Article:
When you’re on a ship, you’ll often hear sailors refer to the “port” and “starboard” sides rather than “left” and “right.” But why is that? There are a few key reasons ships use these nautical terms:
The Meaning and Origin of Port and Starboard
- The word “port” comes from the Latin word “portus” meaning “harbor.” It refers to the left side of the ship, which would face the harbor when docking.
- “Starboard” derives from the Old English “steorbord” which meant the side of the ship that faced away from the dock, the right side.
- Before rudders, ships were steered with a steering oar on the right side at the back of the ship, reinforcing why “starboard” refers to the right side.
Why Ships Avoid Left/Right
- Unlike left and right, port and starboard are fixed locations on a ship and don’t change based on a sailor’s orientation.
- This avoids confusion – “left” could mean different things to crew members facing different directions.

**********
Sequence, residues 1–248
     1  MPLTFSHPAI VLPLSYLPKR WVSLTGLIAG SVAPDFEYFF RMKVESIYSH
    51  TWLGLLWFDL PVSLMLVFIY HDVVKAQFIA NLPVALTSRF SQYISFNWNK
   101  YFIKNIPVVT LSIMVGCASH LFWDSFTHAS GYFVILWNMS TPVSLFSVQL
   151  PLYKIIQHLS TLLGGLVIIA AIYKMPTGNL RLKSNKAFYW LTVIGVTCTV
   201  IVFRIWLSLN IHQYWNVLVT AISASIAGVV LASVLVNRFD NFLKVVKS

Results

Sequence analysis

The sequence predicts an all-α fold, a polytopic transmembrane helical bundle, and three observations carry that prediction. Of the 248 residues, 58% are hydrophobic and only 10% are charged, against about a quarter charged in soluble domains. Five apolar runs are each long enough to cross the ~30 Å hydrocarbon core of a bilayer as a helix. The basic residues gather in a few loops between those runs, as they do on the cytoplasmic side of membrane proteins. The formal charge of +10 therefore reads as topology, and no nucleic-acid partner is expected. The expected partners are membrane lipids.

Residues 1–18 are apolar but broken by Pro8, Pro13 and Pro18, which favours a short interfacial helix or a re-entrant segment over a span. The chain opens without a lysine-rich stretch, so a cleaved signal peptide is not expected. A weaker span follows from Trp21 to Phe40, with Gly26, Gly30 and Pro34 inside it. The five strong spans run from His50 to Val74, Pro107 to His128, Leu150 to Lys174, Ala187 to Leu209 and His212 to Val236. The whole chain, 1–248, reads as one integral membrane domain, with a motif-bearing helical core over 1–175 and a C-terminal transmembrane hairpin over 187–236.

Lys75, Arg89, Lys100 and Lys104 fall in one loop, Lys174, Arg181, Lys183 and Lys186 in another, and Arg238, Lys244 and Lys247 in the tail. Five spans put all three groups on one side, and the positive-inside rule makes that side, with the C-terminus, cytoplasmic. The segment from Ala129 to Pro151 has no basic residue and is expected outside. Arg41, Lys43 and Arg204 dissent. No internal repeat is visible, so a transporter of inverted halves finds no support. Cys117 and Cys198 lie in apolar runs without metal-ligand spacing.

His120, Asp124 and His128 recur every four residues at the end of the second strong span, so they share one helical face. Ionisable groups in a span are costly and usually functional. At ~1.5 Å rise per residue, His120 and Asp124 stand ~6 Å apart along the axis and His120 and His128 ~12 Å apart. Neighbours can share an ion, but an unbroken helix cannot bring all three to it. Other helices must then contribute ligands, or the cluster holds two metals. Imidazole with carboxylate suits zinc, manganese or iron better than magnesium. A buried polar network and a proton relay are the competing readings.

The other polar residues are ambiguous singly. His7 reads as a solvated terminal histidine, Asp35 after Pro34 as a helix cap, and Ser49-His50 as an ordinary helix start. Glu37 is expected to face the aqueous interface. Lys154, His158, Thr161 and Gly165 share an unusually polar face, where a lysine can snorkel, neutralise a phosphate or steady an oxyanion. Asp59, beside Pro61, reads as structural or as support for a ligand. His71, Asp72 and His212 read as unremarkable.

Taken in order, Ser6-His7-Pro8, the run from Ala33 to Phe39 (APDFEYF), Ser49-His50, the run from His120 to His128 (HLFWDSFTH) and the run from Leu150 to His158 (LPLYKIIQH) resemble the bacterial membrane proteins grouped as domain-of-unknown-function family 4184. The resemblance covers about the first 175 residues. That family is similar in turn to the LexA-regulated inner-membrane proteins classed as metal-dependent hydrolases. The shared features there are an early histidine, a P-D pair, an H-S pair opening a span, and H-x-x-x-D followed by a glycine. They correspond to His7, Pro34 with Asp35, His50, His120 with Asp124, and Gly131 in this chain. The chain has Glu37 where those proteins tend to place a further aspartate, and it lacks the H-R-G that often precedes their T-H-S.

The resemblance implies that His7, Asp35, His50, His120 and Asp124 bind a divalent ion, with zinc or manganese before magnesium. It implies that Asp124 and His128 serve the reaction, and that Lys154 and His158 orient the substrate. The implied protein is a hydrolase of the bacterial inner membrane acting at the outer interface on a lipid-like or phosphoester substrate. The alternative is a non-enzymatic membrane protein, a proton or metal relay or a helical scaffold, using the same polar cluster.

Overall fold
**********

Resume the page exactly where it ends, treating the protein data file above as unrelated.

- Port and starboard are unambiguous, independent of orientation, so they’re used for clear communication.
Remembering Port and Starboard
- An easy way is “port and left” have 4 letters, “starboard and right” have more.
- Or remember “port wine is red like the port side light.” Green is starboard.
- For port, think of unloading cargo at a port on the left side.
- Starboard was the steering side, most sailors were right handed.
Other Key Nautical Terms
Here are some other key nautical terms sailors use:
- Bow – front of the ship
- Stern – back of the ship
- Galley – kitchen area
- Head – bathroom
- Deck – floor
- Bridge – where navigation is controlled
- Bulkhead – wall
- Cabin – room, quarters
Using this specialized nautical vocabulary improves safety, communication and seamanship. So next time you’re aboard a ship, you’ll fit right in if you refer to the “port” side rather than the “left!”